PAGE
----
IJsselstein, Tuesday, 16 April 2002 04:00:09
Bohol has a number of very old churches, dating back to the early years of the Spanish colonization of the island.
The Church of Our Lady of the Immaculate Conception in Baclayon is considered to be one of the oldest churches in the Philippines. It is one of the best preserved Jesuit build churches in the region, although in the 19th century, the Augustinian Recollects added a modern facade and a number of stone buildings that now surround the church.
The first Spanish missionaries or doctrineros in the region, Fr. Juan de Torres and Fr. Gabriel Sanchez, first settled in Baclayon in 1595. Shortly after their arrival, a visita was erected on the spot.
Although Baclayon was the first seat of the Spanish Jesuit missionaries, fear of Moro marauders soon forced them to move their headquarters more inland, to Loboc. Only in 1717, Baclayon became a parish, and construction of a new church commenced. Some 200 native forced laborers constructed the church from coral stones, which they took from the sea, cut into square blocks, and piled on to each other. They used bamboo to move and lift the stones in position, and used the white of a million eggs as to cement them together. The current building was completed in 1727. The church obtained a large bell in 1835. In the Baclayon church is a dungeon, which was used to punish natives who violated the rules of the Roman Catholic church.
Next to the church is the old convent, which also houses a small museum with centuries-old religious relics, artifacts and other antiquities, dating back to the 16th century. Included in the collection are an ivory statue of the crucified Christ looking towards heaven; a statue of the Blessed Virgin, said to be presented by Queen Catherine of Aragon; relics of St. Ignatius of Loyola, old gold embroidered ecclesiastical vestments, books with carabao skin covers, and librettos of church music written in Latin on sheep skins. Here you can also find the cuadro paintings made by the Filipino painter Liberato Gatchalian in 1859.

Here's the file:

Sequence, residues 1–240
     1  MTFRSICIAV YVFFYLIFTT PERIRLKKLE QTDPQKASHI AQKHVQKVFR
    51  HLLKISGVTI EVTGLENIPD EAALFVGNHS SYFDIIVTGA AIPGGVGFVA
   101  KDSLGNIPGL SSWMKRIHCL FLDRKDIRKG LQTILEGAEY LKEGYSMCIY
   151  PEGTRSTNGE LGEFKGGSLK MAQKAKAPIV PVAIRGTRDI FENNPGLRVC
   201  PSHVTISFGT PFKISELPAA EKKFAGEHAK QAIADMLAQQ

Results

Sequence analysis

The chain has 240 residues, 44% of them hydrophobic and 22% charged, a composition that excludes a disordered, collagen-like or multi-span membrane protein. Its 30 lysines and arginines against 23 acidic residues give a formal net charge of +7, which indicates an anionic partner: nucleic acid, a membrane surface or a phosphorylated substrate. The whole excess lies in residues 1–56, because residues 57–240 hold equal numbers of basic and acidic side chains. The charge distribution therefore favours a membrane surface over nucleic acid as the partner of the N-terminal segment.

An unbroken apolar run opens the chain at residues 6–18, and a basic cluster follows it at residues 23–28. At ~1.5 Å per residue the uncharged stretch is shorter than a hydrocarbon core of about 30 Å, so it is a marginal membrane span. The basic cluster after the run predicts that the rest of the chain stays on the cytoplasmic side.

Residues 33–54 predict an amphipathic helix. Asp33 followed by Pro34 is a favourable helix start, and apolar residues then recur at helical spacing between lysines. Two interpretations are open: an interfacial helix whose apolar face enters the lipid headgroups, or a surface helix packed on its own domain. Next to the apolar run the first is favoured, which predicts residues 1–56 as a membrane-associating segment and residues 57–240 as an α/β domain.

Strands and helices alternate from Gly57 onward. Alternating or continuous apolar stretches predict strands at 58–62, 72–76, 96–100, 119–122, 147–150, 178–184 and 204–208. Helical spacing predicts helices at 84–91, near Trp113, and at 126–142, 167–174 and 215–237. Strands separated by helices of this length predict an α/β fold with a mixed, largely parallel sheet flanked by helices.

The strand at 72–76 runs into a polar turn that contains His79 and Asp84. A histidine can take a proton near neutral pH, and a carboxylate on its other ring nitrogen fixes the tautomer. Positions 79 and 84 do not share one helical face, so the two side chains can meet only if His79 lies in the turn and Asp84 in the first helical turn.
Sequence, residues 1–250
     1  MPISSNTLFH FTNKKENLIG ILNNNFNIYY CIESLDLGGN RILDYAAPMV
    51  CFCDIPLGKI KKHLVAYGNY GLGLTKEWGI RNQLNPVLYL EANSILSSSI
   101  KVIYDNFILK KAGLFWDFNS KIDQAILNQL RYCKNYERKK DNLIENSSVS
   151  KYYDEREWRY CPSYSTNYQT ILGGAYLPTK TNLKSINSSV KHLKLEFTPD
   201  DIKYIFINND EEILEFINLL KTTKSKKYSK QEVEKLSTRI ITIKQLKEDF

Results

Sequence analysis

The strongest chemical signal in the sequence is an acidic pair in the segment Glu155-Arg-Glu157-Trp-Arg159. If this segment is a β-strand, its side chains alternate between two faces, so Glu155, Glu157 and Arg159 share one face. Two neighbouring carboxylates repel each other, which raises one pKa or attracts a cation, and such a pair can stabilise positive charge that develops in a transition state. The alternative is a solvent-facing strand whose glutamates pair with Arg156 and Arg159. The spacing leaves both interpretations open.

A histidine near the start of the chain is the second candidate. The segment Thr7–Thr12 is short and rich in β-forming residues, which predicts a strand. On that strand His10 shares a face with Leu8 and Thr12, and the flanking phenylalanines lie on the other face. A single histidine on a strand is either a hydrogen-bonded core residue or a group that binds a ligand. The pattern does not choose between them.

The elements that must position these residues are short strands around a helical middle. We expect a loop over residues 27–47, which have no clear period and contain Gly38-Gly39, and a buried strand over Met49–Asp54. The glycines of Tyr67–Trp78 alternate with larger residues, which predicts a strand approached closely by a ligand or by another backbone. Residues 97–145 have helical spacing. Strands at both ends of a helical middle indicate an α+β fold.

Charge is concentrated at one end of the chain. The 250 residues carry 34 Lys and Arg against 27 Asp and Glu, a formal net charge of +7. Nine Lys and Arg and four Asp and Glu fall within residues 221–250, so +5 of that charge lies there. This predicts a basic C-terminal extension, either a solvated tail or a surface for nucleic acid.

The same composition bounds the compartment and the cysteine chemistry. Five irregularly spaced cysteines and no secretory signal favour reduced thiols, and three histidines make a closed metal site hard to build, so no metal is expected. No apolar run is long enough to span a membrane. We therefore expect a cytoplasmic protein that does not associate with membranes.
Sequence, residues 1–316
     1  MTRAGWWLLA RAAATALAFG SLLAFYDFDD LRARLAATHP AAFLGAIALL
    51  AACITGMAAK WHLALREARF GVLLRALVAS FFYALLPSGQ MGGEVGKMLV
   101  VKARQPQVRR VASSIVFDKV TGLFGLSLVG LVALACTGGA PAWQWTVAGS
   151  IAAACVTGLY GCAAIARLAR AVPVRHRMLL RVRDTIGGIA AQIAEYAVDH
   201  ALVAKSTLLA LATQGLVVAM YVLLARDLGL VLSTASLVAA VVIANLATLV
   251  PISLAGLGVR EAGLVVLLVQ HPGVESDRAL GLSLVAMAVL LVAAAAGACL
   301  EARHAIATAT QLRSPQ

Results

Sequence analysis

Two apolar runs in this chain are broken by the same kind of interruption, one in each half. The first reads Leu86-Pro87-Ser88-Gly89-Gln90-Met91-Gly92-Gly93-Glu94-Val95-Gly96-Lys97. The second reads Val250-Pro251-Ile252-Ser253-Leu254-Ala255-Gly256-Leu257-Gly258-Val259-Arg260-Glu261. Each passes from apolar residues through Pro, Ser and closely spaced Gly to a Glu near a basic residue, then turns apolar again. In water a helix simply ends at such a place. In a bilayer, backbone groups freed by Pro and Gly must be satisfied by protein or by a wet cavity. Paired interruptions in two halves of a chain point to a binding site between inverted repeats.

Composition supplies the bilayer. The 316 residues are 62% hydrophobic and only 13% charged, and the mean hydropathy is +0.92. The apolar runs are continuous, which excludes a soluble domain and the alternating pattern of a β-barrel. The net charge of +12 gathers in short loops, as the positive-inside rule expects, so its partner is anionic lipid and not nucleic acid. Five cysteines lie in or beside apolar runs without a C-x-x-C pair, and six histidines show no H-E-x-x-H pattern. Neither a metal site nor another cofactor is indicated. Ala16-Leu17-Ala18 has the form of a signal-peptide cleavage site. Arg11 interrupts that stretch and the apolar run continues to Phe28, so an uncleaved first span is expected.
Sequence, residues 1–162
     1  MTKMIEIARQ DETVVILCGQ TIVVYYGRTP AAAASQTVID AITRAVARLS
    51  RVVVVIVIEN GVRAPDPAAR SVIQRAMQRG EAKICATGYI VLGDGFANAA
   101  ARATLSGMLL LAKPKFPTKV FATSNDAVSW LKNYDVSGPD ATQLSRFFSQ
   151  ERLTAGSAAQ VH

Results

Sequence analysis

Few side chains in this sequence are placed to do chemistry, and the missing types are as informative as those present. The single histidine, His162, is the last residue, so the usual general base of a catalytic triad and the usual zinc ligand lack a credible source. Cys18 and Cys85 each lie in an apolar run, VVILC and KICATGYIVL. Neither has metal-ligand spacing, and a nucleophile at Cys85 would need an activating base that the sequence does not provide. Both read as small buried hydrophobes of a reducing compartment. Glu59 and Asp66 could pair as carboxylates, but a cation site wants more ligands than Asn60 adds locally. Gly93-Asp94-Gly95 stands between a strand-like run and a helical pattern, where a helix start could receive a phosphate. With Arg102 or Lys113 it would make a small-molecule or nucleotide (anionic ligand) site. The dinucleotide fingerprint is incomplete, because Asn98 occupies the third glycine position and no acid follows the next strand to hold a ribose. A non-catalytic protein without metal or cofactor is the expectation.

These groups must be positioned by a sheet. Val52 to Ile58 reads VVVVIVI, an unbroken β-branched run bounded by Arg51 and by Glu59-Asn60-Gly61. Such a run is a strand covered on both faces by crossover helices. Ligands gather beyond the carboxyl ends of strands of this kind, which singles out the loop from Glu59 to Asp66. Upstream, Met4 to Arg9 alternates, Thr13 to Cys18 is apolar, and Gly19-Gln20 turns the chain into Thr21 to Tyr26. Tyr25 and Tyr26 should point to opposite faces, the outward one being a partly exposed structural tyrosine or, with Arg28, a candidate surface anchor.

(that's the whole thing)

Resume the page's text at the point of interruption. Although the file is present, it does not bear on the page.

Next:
Getting there. Baclayon is some 6 km east of Tagbilaran. Catch a bus or jeepney in Tagbilaran, going into the direction of Baclayon. You may also find a tricycle willing to bring you there.
The Church of San Pedro in Loboc is the second oldest church in Bohol. It was originally built in 1602, but soon reduced to ashes. In 1638, a stronger one was build. Located near the river, it has survived a number of floods. Inside the church, you can admire some remarkable naive paintings on the ceiling. A Spanish coat of arms can be found in the stone wall near the entrance of the convent. The bell tower of Loboc is about 100 meters from the church.
Attached to the building is a three storey convent, which today houses the Museo de Loboc on the third floor. This museum houses a few old statues of saints, and some other antique religious artifacts.